Construction of C. glutamicum deletion strains
To delete the genes cg1497 and hdpA new plasmids were constructed by using the suicide vector pK19mobsacB . For the deletion of cg1497, genomic regions flanking this gene were amplified via PCR from genomic DNA of C. glutamicum using the primer pairs cg1497_upstrm_fw_pK19/cg1497_upstrm_rv and cg1497_dwnstrm_fw/cg1497_dwnstrm_rv_pK19 (Table 2). The resulting PCR fragments were purified and cloned via Gibson-Assembly into the linearized vector pK19mobsacB resulting in the plasmid pK19mobsacB-Δcg1497 (Table 1). The deletion of the gene cg1497 was carried out with this plasmid by a two-step homologous recombination procedure described before . For the verification of the correct in-frame deletion of the gene cg1497, a PCR (Taq DNA polymerase with ThermoPol® Buffer, NEB, Frankfurt am Main, Germany) was performed using the primer pair Dcg1497_fw_v3/Dcg1497_rv_v3 (Table 2). Accordingly the deletion of hdpA (cg2474) was realized, using the primer pairs nagD_upstrm_fw_pK19/nagD_upstrm_rv and nagD_dwnstrm_fw/nagD_dwnstrm_rv_pK19 (Table 2) for the cloning procedure of the plasmid pK19mobsacB-ΔhdpA (Table 1) and the primer pair DnagD_fw/DnagD_rv (Table 2) for the verification of the in-frame deletion via PCR. The plasmid pK19mobsacB-Δldh (Table 1) was already available . Thus, the primer pair ldhfow/ldhrev (Table 2) was used to verify the successful in-frame deletion of ldh after the two-step homologous recombination.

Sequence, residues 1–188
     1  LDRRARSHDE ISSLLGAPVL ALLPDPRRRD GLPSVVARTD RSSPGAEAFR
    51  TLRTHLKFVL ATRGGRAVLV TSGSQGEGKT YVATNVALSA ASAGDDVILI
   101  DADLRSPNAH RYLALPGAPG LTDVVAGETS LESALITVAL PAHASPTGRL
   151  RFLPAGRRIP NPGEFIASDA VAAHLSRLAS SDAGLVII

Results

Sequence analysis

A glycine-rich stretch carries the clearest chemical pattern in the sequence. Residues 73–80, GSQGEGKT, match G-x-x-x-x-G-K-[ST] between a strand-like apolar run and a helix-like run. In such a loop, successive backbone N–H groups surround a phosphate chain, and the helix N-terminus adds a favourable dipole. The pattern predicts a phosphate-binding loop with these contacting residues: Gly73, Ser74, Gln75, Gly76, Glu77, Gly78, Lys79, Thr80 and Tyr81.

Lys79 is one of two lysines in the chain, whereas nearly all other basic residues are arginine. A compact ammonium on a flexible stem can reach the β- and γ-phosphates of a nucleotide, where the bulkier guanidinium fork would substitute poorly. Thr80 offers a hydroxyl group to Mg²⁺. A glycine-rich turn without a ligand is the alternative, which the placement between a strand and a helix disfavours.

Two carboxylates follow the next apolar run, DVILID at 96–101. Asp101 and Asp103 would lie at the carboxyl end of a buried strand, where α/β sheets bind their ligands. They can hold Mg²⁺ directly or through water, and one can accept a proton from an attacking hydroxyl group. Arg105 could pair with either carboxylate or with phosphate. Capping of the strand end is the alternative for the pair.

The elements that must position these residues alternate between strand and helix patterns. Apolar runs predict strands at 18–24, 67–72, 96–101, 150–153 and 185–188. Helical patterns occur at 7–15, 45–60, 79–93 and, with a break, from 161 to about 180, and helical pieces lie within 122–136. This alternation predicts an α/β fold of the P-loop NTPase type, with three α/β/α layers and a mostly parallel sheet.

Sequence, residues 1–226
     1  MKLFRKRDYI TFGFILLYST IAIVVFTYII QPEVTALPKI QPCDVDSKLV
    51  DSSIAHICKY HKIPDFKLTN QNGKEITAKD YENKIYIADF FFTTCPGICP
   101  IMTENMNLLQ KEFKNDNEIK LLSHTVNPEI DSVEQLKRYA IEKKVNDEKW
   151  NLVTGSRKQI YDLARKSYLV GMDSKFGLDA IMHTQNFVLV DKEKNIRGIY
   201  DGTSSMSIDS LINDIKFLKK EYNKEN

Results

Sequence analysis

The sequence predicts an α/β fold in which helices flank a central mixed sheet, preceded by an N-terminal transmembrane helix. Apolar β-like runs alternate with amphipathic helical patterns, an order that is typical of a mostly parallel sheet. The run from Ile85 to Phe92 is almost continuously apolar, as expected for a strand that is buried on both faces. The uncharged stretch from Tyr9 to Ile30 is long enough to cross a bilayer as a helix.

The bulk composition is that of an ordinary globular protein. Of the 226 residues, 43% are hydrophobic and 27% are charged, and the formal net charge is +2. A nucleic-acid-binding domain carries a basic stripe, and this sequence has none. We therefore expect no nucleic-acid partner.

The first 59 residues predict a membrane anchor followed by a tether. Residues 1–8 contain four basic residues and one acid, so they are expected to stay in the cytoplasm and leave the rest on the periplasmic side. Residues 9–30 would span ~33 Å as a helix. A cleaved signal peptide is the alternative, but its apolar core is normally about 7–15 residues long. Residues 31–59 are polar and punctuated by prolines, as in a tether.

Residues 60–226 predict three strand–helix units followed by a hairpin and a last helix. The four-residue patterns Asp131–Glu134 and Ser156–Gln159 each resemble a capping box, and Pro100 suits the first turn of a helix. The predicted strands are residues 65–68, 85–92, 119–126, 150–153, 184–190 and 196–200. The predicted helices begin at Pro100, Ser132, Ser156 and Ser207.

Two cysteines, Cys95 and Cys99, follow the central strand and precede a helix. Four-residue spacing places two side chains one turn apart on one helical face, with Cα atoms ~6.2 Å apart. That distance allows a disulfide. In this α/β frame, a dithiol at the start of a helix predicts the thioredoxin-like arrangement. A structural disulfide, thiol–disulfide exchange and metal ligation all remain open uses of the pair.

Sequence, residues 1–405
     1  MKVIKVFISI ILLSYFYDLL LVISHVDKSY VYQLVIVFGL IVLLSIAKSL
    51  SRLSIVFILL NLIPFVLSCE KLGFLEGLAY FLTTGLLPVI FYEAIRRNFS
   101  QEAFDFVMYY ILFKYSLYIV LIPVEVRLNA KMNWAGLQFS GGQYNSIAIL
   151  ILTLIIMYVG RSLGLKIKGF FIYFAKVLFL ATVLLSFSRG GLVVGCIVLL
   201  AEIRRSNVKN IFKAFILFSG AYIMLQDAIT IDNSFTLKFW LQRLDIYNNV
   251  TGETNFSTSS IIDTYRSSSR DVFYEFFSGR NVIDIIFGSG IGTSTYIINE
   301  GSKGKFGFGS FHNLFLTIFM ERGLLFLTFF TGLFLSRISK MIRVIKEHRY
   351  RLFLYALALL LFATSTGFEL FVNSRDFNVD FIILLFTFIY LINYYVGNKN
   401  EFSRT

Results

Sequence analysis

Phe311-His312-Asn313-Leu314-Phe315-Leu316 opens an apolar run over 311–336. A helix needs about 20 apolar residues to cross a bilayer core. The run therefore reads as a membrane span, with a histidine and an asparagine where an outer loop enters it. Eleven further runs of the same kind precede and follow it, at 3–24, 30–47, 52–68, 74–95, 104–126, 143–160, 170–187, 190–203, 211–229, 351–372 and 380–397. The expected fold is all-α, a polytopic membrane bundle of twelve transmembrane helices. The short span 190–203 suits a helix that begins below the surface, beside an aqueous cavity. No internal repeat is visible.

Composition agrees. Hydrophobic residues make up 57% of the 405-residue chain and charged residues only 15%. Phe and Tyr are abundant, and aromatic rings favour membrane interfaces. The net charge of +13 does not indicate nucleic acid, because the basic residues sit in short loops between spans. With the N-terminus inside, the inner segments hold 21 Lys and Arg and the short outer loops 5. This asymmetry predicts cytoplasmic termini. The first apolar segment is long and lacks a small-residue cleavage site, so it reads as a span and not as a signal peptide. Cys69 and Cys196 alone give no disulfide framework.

The supernatants of the samples taken in the cultivation were analyzed using a TRACE GC ULTRA connected to an AS 3000 Auto-sampler and to an ISQ Single Quadrupole Mass Spectrometer using a TG-WAXMS (length: 30 m; I.D.: 0.25 mm; film: 0.25 μm) (Thermo Scientific, Dreieich, Germany). The thawed supernatants were directly diluted 1:10 with methanol (HPLC gradient grade; VWR Chemicals, Fontenay-sous-Bois, France) or after an additional 1:10 dilution step with water (Milli-Q grade). Prior to injection, the diluted samples were centrifuged (10 min; 16,000 × g) and the resulting supernatant was used for analysis. The operating setup was the following: the temperature of the MS transfer line and the ion source were hold at 230 °C; the injector temperature was set to 220 °C and a gradient was used for the oven (holding 40 °C for 1 min, increasing the temperature with a rate of 12 °C/min up to 230 °C and holding this for 5 min); in the constant flow mode, the flow rate of the carrier gas helium was 1 mL/min using the splitless mode of the injector (split flow: 10 mL/min; splitless time: 1.5 min; focus liner: 5 × 8 × 105 mm, splitless for 50-mm needle with glass wool); the electron impact ionization energy was 70 eV. The compounds 1,2-propanediol and acetol were measured with this method by creating a calibration curve with an external standard. The peaks were identified by retention time and were quantified using the intensity of one specific m/z value (1,2-propanediol: m/z = 45; acetol: m/z = 43). For the computational quantification, the program Xcalibur 2.1 (2.1.0 SP1.1160, Thermo Scientific, Dreieich, Germany) was employed.